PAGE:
(old-fashioned popular term)




doença de Huntington / coreia de Huntington

Chorea Huntington





febre tifóide












The above-mentioned examples demonstrate the effects of time and language change. Some terms become old-fashioned and tend to disappear from the discourse used in the media (A - 4). In some other cases (A - 5), the disease is so rare that it is only known to the specialist or investigator and to the patient's family. When one of these "orphan diseases" is mentioned in the general media, there is usually no other term that might be used.

A - 5 Use of the erudite term (of Greek / Latin origin) due to the rareness of the disease (orphan diseases)











B - Use of popular term and introduction of erudite term as additional explanation




Blinddarmentzündung (Appendizitis)


Herzrhythmusstörung (Arrhythmie)


Magenschleimhautentzündung (Gastritis)


Grüner Star (Glaukom )


Hirnhautentzündung (Meningitis)


Lungenentzündung (Pneumonie)


Kinderlähmung (Poliomyelitis)


Nebenhöhlenentzündung (Sinusitis)

In an attempt to elucidate the term or educate the public, popular science journalists sometimes use the common term and add the erudite term in order to clarify the meaning. These terms often refer to health problems for which new treatments have been found and that are at the moment being disseminated among the general public. Others simply reveal that the Germanic word is becoming old-fashioned. These examples characterize a transition phase, in which the erudite term is progressively becoming part of common language.

C - Use of the popular term (of Germanic origin)



(Germanic origin)


(non-adequate term)





Grauer Star





constipação (rinite)



dor de cabeça (cefaleia)



dor de dentes









tosse convulsa



The above examples refer to common health complaints and non-specific health problems, which have long been known by the general public. The translation of these terms from Portuguese into German represents a problem, because the erudite word in German, similar to the Portuguese word, is not used or completely unfamiliar to the non-professional. It is advisable to make translation students aware of these cases, so that they may select the adequate word according to the genre.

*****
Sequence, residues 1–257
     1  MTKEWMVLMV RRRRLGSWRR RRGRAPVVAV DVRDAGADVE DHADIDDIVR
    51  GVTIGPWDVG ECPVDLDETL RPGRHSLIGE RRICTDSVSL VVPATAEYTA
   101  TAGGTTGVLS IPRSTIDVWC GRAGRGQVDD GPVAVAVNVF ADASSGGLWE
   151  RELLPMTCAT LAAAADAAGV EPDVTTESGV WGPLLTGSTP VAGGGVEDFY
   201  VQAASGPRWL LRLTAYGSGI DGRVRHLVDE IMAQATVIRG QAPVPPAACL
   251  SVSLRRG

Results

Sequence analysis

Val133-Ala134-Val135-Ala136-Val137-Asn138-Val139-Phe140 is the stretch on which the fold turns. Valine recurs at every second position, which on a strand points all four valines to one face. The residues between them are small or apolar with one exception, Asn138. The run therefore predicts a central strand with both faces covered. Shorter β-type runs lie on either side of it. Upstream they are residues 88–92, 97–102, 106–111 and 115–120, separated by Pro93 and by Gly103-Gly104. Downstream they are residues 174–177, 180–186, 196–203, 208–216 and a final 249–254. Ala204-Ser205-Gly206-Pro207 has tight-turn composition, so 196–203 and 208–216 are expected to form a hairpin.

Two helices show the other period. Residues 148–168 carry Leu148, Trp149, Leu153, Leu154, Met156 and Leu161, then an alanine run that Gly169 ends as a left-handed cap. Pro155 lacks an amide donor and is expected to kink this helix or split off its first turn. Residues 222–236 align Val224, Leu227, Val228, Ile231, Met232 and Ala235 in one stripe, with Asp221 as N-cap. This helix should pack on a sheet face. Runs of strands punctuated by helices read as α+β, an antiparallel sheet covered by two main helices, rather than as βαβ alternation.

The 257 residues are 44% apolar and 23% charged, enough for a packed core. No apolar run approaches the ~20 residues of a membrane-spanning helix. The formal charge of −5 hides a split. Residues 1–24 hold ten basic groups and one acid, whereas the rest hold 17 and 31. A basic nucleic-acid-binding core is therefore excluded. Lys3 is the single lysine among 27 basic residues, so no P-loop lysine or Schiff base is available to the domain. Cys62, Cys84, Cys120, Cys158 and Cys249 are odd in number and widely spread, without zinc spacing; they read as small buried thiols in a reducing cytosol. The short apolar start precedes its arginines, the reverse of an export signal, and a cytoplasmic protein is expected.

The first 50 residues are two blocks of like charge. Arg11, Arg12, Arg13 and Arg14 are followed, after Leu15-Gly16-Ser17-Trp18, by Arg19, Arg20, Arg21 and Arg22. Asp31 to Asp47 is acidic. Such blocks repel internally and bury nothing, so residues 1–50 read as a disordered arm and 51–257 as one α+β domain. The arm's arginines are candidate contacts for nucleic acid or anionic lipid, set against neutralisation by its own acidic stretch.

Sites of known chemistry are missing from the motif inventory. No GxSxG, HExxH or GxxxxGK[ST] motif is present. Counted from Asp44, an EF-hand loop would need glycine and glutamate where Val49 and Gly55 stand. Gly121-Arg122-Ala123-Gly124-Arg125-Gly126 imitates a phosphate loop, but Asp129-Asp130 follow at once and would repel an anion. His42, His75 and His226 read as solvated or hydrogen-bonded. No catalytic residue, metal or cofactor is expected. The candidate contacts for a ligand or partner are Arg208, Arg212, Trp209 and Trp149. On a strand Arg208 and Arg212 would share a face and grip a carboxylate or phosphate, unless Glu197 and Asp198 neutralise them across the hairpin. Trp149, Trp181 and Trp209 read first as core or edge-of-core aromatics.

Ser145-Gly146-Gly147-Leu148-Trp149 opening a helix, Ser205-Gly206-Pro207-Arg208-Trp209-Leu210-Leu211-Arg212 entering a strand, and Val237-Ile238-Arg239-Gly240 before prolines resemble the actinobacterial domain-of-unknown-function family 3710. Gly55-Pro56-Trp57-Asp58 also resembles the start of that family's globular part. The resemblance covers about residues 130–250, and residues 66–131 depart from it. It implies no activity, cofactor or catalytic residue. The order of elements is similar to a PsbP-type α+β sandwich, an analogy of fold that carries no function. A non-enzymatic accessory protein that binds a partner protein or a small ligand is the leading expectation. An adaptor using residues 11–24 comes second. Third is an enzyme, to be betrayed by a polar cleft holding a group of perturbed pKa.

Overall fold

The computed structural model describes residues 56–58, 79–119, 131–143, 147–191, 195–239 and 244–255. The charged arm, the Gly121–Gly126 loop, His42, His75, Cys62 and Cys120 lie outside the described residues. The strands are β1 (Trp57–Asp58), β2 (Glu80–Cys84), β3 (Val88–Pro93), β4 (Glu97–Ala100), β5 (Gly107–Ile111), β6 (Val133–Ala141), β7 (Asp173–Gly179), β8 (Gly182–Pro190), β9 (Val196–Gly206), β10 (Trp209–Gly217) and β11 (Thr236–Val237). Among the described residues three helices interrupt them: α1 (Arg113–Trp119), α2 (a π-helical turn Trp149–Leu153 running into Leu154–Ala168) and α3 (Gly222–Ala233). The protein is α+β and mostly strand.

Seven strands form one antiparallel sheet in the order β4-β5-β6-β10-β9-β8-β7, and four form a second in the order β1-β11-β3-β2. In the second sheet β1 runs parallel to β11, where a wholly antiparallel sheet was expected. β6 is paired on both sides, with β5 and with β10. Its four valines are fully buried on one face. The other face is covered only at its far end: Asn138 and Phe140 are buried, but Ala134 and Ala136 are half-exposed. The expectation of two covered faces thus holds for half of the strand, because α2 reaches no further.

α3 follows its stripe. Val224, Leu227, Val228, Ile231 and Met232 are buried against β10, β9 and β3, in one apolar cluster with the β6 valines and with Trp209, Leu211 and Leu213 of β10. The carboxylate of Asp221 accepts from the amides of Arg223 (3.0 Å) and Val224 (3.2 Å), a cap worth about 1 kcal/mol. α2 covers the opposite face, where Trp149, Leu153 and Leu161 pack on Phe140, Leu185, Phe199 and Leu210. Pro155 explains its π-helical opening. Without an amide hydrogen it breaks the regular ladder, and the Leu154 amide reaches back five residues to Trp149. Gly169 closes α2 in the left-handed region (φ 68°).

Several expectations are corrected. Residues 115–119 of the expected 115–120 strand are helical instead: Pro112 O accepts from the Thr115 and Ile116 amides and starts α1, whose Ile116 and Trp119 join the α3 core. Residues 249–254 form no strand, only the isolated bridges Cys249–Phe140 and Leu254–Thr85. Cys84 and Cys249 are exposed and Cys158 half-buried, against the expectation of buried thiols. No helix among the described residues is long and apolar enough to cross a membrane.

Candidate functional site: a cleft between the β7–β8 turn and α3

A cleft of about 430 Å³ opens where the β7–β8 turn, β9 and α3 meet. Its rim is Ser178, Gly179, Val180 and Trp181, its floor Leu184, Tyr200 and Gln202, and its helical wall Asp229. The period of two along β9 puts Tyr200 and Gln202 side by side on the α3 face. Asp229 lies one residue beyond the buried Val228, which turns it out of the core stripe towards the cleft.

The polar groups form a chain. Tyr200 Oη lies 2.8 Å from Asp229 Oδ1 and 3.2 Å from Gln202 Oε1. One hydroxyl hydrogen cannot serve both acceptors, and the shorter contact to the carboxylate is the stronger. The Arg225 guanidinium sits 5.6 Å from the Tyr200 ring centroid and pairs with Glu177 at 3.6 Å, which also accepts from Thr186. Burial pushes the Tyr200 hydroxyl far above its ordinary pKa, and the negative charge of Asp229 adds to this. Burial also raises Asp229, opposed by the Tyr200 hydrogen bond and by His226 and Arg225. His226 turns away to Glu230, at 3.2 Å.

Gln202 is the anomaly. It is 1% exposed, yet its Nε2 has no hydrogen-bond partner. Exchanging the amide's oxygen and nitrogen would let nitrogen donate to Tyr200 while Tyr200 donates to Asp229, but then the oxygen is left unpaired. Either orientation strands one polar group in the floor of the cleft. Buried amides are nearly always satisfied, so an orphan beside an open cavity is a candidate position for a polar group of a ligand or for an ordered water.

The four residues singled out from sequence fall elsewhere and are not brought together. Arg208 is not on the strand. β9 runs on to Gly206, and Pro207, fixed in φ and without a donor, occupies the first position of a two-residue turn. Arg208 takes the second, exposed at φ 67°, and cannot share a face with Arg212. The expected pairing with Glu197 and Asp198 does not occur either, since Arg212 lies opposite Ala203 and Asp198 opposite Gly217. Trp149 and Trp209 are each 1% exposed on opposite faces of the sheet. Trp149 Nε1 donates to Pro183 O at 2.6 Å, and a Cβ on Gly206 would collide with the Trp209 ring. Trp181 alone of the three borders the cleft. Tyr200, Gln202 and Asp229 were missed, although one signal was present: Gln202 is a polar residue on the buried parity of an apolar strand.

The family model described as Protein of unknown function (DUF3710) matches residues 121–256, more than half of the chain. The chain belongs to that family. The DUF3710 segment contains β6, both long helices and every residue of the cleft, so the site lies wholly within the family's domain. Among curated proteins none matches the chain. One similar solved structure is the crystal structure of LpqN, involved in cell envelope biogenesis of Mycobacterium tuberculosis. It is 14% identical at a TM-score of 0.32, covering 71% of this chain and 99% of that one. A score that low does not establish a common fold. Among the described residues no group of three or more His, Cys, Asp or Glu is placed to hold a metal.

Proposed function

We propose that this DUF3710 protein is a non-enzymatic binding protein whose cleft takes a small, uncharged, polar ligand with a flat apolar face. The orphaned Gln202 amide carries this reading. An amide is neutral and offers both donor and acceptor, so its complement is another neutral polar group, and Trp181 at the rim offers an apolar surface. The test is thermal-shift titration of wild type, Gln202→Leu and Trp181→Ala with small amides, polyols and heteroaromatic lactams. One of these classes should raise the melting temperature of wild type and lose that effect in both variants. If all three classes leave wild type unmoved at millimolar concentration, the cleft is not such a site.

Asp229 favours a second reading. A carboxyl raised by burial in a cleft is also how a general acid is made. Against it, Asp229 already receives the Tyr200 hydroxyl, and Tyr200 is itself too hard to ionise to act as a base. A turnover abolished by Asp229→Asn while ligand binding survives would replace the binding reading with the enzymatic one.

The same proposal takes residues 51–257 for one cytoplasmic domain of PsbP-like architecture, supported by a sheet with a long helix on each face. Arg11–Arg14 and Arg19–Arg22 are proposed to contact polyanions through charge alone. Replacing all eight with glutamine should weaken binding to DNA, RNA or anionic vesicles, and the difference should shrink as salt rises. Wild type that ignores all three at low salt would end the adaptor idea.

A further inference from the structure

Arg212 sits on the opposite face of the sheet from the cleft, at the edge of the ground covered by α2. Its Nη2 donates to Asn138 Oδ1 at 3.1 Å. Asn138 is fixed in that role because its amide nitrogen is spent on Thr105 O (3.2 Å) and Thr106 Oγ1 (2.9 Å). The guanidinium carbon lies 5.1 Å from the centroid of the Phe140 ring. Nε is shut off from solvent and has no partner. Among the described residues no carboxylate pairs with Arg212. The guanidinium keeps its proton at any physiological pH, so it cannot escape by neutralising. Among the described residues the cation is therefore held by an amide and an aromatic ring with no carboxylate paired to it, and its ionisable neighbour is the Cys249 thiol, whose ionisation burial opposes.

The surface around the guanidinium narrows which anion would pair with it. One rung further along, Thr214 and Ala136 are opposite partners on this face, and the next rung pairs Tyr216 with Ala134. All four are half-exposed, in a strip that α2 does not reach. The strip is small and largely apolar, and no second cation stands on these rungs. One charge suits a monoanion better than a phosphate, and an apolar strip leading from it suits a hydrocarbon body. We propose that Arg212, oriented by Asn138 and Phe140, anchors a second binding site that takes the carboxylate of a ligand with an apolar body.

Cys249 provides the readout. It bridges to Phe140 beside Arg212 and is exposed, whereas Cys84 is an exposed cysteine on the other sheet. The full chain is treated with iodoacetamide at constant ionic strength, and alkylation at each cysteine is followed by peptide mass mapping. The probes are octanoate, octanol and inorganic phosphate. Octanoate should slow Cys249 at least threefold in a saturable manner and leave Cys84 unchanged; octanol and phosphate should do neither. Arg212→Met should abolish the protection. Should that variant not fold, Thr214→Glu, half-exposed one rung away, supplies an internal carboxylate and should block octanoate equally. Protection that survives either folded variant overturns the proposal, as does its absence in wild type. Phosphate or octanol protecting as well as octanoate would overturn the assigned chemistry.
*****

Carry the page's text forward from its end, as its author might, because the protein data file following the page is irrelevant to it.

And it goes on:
5. Conclusion

When translating medical terms from Portuguese into German in popular science texts, students are often uncertain about whether to opt for the erudite term or the term from everyday language. It is exactly this synonymy that presents a challenge for the translator. According to the translation skopos, it is necessary to decide on one term. For better understanding of this tricky translation problem, we analyzed different popular science texts and came up with a typology consisting of three main cases, one of them divided into several subgroups. This classification shall contribute to improving transparency when translating medical texts written for a non-professional readership.

We also observed a very strong tendency of popularization of erudite terms in popular science texts. These texts are often written by technical translators for non-professionals in order to inform or instruct them. It is, however, important to underline that today's non-professionals are different from those of some decades ago. Nowadays, it has become more and more important for a patient to learn about the most common diseases, their symptoms and how to protect themselves against them. The modern patient is more curious and also more demanding. This fact is closely linked to the general tendency of popularization in science. It can therefore be expected that Latin terms will become more widespread in popular science texts in the future.


Eckart, Wolfgang U. (2005): Geschichte der Medizin. Berlin: Springer.

Hoffmann, Lothar (1985): Kommunikationsmittel Fachsprache. Eine Einführung. Tübingen: Narr

Löning, Petra (1981): „Zur medizinischen Fachsprache. Stilistische Gliederung und Textanalysen". In: Muttersprache 91, 79-92.

Porter, Roy (2006): The Cambridge History of Medicine. Cambridge: Cambridge University Press.